Observational retrospective study of vascular modulator changes during treatment in essential thrombocythemia

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Abstract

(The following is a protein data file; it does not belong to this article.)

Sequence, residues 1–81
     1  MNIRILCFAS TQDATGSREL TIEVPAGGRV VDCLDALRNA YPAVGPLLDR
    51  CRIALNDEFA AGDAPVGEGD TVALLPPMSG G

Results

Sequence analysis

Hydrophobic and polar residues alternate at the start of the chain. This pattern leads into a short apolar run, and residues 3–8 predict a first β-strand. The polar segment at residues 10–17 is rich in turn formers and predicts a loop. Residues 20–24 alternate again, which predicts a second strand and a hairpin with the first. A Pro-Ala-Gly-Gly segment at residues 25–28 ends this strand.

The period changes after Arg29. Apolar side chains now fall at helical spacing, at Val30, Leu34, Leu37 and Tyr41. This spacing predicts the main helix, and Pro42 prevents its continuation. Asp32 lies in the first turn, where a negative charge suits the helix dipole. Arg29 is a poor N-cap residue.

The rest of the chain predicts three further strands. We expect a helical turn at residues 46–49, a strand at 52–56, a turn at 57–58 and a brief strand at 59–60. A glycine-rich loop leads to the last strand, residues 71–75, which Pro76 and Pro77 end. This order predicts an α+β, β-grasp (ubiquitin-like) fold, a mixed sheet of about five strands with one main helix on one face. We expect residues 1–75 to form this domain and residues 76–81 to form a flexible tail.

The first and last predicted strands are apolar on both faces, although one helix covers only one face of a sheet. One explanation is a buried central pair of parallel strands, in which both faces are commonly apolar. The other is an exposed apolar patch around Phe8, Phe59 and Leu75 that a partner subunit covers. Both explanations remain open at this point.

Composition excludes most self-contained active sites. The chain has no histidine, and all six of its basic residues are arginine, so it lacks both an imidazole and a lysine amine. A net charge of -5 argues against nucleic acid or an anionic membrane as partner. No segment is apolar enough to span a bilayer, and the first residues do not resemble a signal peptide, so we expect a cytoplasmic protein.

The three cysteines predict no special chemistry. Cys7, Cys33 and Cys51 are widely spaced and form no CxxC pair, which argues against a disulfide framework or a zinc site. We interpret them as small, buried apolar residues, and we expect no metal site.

Essential thrombocythemia (ET) patients are at risk of developing thrombotic events. Qualitative platelet (PLT) abnormalities and activation of endothelial cells (ECs) and PLTs are thought to be involved. Microparticles (MPs) can originate from PLTs (PMPs), ECs (EMPs), or red cells (RMPs). Previous studies have indicated that MPs contribute to ET pathophysiology. Endothelial modulators (eg, nitric oxide [NO], adrenomedullin [ADM], and endothelin-1 [ET-1]) are also involved in the pathophysiology of this condition. We hypothesized that treatments for reducing PLT count might also indirectly affect MP generation and endothelial activity by altering endothelial modulator production. The rationale of this study was that hydroxyurea (HU), a cytostatic drug largely used in ET, induces the production of a potent vasoactive agent NO in ECs. An observational retrospective study was designed to investigate the relationship between MPs, NO, ADM, and ET-1 in ET patients on treatment with HU, anagrelide (ANA), aspirin (ASA), and a group of patients before treatment. A total of 63 patients with ET diagnosis: 18 on HU + ASA, 15 on ANA + ASA, 19 on ASA only, and 11 untreated patients, and 18 healthy controls were included in this study. Blood samples were analyzed for MP (absolute total values) and functional markers (percentage values) by flow cytometry. PLT-derived MPs were studied using CD61, CD62P, CD36, and CD63, whereas endothelial-derived MPs were studied using CD105, CD62E, and CD144. Endothelial modulator markers (NO, ADM, and ET-1) were measured by ELISA. Total MP count was higher in the group treated with ANA + ASA (P < 0.01). MP markers modified in ET patients returned to levels of healthy controls following treatment, in particular, in patients on ANA treatment. NO and ADM values were higher in the HU group (P < 0.001). HU and ANA treatment also affected MP production in a cell origin–specific manner. HU and ANA, although acting via different pathways, have similar final effects. For instance, HU causes vasodilatation by increasing NO and ADM levels, whereas ANA impairs vasoconstriction by reducing ET-1. In conclusion, therapy with HU cytostatic drugs and ANA can reduce PLT count in ET, and also affect endothelial modulatory agents, with HU sustaining vasodilation and prothrombotic MP concentration, whereas ANA decreases vasoconstriction.

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